James: Is having a hard copy document of your music, such as vinyl, important to you as a band? As opposed to offering the EP on Bandcamp or the many digital options made for bands these days?

Chris: I think having your music available in all formats is important. People lately seem to get hung up on the medium, and not the message. At the end of the's the music that you want to hear, and frankly I couldn't care less what format it comes on? To someone sitting in let's say....Borneo, who only has an internet connection, and knows nothing of the hipster vinyl fetishism that is currently occurring in the Western World...finding the
"Static Is A City EP" on Bandcamp is awesome, it's the only avenue for them to hear our music. To limit people's exposure to your music, just to satisfy a current trend such as vinyl fetishism is ignorant and selfish....but that is just my opinion.

James: I know you've been involved with many bands and projects since the 80's, but this is the first time I recall you signing? What made you want to take on that role?

Chris: Actually, the first sort of functional band I was in was a hardcore / thrash band in the 80's called Selective Outrage, and I sang in that band, so singing in Static sort of feels like coming full circle after 20 plus years of playing guitar in bands. The reason I chose to sing in Static was pretty simple....Sean and I had an idea of what we wanted the band aesthetic to be, and in the simplest's hard to convey your own personal aesthetic to a random vocalist, and it is not really fair to that vocalists own creative expression to have them do what you think they should, to avoid all that mess, I just decided to sing.
Guitarists are frankly a dime a could open your window, throw a rock and hit a guitarist, but finding someone who can lyrically and expressively deliver a shared aesthetic is a bit tougher, so I opted out of guitar and picked up the mic.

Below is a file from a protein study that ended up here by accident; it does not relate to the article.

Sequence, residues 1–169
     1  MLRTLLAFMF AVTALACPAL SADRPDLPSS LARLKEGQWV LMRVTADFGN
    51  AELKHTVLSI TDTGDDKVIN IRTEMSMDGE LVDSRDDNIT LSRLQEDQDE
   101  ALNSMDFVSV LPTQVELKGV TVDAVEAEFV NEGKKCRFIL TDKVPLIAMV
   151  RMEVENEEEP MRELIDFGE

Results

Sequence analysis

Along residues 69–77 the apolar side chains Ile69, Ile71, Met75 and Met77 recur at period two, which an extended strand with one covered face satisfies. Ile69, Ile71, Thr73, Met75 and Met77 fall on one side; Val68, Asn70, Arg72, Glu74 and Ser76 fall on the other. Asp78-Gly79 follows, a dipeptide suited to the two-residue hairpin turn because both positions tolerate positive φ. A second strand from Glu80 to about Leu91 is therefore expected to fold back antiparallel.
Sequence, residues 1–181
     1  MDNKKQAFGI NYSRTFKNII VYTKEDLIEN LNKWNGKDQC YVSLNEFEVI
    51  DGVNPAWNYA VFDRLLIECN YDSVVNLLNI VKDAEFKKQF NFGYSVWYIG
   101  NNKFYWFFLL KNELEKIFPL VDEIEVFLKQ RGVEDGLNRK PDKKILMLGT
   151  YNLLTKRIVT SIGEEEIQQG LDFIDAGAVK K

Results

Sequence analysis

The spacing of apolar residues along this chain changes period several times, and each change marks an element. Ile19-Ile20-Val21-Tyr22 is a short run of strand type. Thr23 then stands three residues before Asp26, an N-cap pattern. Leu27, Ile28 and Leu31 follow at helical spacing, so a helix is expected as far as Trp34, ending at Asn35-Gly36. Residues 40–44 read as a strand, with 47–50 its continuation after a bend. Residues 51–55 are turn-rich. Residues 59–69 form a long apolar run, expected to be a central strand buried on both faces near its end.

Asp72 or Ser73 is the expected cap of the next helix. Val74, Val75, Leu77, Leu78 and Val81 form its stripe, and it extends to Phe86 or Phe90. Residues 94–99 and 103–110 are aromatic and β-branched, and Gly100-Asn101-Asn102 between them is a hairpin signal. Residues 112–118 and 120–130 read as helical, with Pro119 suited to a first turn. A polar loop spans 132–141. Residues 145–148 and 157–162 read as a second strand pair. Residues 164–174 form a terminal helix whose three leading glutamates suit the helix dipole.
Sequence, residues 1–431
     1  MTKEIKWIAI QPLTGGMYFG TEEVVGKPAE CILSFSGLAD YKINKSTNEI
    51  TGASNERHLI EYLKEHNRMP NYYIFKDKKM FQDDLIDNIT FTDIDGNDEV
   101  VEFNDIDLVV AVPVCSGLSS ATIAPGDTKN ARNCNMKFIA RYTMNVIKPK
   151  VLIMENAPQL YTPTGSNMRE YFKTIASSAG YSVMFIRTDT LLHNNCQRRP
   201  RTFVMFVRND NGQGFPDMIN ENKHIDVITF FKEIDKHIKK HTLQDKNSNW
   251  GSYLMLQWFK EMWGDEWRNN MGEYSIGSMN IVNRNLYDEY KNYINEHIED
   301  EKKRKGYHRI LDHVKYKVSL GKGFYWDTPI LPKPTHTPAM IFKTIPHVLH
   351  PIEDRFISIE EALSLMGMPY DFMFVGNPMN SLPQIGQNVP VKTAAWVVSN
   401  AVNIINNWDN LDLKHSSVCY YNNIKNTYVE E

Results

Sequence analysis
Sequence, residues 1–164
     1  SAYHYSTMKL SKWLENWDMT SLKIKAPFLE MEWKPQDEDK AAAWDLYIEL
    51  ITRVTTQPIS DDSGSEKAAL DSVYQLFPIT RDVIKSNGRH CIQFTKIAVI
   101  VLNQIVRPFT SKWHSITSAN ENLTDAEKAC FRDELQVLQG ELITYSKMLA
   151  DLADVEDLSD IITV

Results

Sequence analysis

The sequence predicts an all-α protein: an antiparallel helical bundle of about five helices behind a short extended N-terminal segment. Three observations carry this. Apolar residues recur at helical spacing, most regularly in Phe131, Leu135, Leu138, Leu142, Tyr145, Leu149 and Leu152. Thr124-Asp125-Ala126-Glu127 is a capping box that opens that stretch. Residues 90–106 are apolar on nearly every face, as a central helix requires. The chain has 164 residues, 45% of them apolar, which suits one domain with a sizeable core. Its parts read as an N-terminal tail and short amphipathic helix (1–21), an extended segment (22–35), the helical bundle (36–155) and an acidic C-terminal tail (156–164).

James: You've already began to rack up shows in and around the Raleigh area. Are there any plans to make it back up to the New York, New Jersey area?

Chris: We would love to come up to NYC / NJ to play some shows. Admittedly....after being in Raleigh for close to 8 years now, I am out of the loop as to where to play, and who to contact for shows in NY / NJ hopefully we can hook up with some friends bands for our first shows in the area.

James: What does Raleigh offer for upcoming bands. Though I hate to use the term,
What's the music scene like at the moment?

Chris: Raleigh is an amazing city, with a fantastic local music scene. The thing that is most apparent in Raleigh is the sense of true community within the local music scene. Bills are diverse, and clubs are super supportive of local bands....almost every out of town, headliner show in Raleigh / Durham / Chapel Hill always features one or two local support bands. There is a very thriving hardcore / punk scene with several shows a week at a variety of venues, but the indie scene is pretty big as well, and I am beginning to notice a lot more weird / experimental bands popping up which is in keeping with Raleigh's past of being a hot bed of off kilter sounding bands.

James: You recently played a show with Richmond's Positive No. A band that features your former Dahlia Seed bandmate TKW. What was that experience like?

Chris: The show was great, and Tracy's band was terrific. I referenced the idea of "coming full circle" earlier, and in the truest sense...the show had that feel and appeal. The guy who booked the show Chris DeFusco, who runs the local Negative Fun record label was a huge Dahlia Seed fan back in the day, and he was super excited to have both of our new bands on the same bill.

James: How long had it been since you crossed paths?

Chris: I don't see Tracy as much as I would like to, but we do cross paths at least once every year and half or so. The last time we did ( before the show ) was when she came to Raleigh for the Archers Of Loaf reunion show in 2012.